“The quickest way to mess with your faith or your politics is to meet someone on the other side and discover you like them.” -Dr. Maxie Burch
I didn’t know that a line from my mentor in a college history class would one day give language to a crisis in my life.
During college, I volunteered in my church’s student ministry. One of the high-school students I met was Adrian, a curious, insightful student who was shy in larger groups. A couple years after I joined the church staff, Adrian graduated and became one of my students again as I was the college minister.
Adrian asked for a ride home from an event one night. It became a regular occurrence for me to give Adrian a ride to and from events since we lived not far from one another. Over time, I began wondering why Adrian didn’t have his driver’s license nor did he use one of his parents’ cars.
Finally one night, I mustered the courage to ask Adrian why he didn’t have his license or ever use his parents’ cars. He told me, “I thought you knew. I’m illegal.” I was speechless.
Today is the second of a four-part series entitled A Different Point of View. You can read part one here. Each week, I will be sharing a different point of view on a common experience or popular subject. Some of these perspectives will challenge you, while some will affirm what you’ve learned that others still need to understand. A key part of my purpose as a writer is empowering you with a new perspective, in order for you to live with more courage and hope.
From An Issue to a Friend
Illegal immigration was an issue dominating my state, Arizona, at that time and it still dominates today. We made national news for the actions of Sheriff Joe Arpaio and bills signed by our then-governor like SB 1070, which was appealed all the way to the Supreme Court. Many believed the bill led to racially profiling all Hispanics in the pursuit of illegals.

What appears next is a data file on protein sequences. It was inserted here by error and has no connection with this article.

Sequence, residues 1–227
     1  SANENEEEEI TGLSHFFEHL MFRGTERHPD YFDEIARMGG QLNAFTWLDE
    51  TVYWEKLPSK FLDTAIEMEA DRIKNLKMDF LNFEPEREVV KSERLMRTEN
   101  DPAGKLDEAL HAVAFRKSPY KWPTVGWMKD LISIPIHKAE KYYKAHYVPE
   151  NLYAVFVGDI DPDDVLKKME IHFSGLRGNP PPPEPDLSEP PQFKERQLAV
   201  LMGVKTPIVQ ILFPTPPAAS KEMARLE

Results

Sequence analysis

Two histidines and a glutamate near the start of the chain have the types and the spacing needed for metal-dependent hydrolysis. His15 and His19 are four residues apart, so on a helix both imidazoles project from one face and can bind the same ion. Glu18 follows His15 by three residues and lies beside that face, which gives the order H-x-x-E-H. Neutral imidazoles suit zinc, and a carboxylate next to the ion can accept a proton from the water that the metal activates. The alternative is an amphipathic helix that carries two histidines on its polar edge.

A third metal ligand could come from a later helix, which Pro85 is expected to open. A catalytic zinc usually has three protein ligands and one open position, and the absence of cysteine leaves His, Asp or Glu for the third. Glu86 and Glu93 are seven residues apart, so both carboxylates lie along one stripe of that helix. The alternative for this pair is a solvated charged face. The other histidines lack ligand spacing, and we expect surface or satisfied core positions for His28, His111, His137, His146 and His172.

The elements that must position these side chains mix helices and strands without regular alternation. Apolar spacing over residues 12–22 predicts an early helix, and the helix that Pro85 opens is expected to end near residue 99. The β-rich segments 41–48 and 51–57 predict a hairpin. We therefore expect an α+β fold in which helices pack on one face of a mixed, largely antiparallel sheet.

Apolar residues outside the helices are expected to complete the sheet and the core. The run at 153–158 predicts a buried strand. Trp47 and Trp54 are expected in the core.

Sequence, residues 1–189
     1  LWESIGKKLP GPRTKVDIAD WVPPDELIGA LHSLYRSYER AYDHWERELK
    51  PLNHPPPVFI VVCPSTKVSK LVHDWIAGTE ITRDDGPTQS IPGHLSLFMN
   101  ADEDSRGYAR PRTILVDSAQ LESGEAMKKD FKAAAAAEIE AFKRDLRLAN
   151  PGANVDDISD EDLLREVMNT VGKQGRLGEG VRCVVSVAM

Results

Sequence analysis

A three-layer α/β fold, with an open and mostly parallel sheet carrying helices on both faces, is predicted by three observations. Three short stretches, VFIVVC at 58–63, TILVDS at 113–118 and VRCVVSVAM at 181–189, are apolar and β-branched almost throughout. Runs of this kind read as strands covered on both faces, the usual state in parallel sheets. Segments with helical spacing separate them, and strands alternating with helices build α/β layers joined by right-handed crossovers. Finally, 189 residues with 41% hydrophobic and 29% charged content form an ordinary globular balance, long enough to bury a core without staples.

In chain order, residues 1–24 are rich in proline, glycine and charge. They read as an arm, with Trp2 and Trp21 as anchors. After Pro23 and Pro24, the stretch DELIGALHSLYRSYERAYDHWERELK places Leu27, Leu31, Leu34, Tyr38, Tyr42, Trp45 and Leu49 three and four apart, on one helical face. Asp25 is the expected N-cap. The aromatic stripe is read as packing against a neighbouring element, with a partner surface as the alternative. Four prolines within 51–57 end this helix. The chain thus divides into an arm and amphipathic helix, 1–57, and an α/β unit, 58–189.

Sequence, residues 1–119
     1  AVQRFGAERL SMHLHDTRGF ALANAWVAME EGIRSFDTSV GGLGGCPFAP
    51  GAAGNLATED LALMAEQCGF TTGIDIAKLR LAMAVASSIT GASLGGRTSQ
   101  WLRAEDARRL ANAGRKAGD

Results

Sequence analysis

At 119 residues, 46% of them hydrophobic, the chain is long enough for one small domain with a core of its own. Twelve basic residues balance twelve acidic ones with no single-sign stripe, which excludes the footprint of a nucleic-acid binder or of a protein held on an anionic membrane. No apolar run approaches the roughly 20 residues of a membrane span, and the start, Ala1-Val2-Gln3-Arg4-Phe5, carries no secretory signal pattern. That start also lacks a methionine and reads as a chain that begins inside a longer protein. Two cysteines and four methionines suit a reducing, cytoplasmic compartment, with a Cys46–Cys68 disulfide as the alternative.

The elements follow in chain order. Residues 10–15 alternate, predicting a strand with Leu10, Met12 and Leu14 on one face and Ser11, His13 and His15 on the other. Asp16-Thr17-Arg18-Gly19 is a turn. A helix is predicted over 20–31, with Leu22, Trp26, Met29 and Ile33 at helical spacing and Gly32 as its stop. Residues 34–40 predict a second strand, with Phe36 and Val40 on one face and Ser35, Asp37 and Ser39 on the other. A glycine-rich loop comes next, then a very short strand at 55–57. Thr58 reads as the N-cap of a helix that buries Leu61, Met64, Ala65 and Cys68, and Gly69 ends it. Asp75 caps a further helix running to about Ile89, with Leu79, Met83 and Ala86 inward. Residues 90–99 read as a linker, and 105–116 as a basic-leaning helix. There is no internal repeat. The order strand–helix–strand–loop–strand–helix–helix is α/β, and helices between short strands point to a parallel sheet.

But I had bigger problems than late-night comedians using my state as a verbal punching bag. My thoughts about “what needed to be done about illegal immigration” had violently collided with the realization that one of my favorite students was illegal! This was no longer “an issue”; it was a friend. As Dr. Burch said, my faith and my politics were being messed with because of someone I loved.
I drove home a mental mess. In the weeks to come, I learned more of Adrian’s story. His parents came here when he was a young boy via a tourist visa and they stayed after the visa expired. Adrian at first didn’t understand their situation but as he became older, he realized the quandary. Adrian told me, “you have no idea what it’s like. I have no memories of living in Mexico but what’s my life like here? I cannot have any of the experiences which were part of your life growing up. Getting my first job? No. Getting a drivers license? No.”
What Would He Do Next?
As heartbroken as I was for the challenge facing Adrian, I was equally fascinated by his academic progress. He had graduated high school at the top of his class. He graduated two years later from a community college with high honors, receiving a scholarship to go to a local four-year university. At university, he was getting A’s in organic chemistry and other insanely tough science and math courses, as he finished his science major with a pre-med focus.
As graduation loomed, Adrian had a decision to make. He wanted to be a doctor, but he had no future if he stayed in America. Adrian could never go to medical school or practice here; he could only work shady jobs which paid cash and kept no records.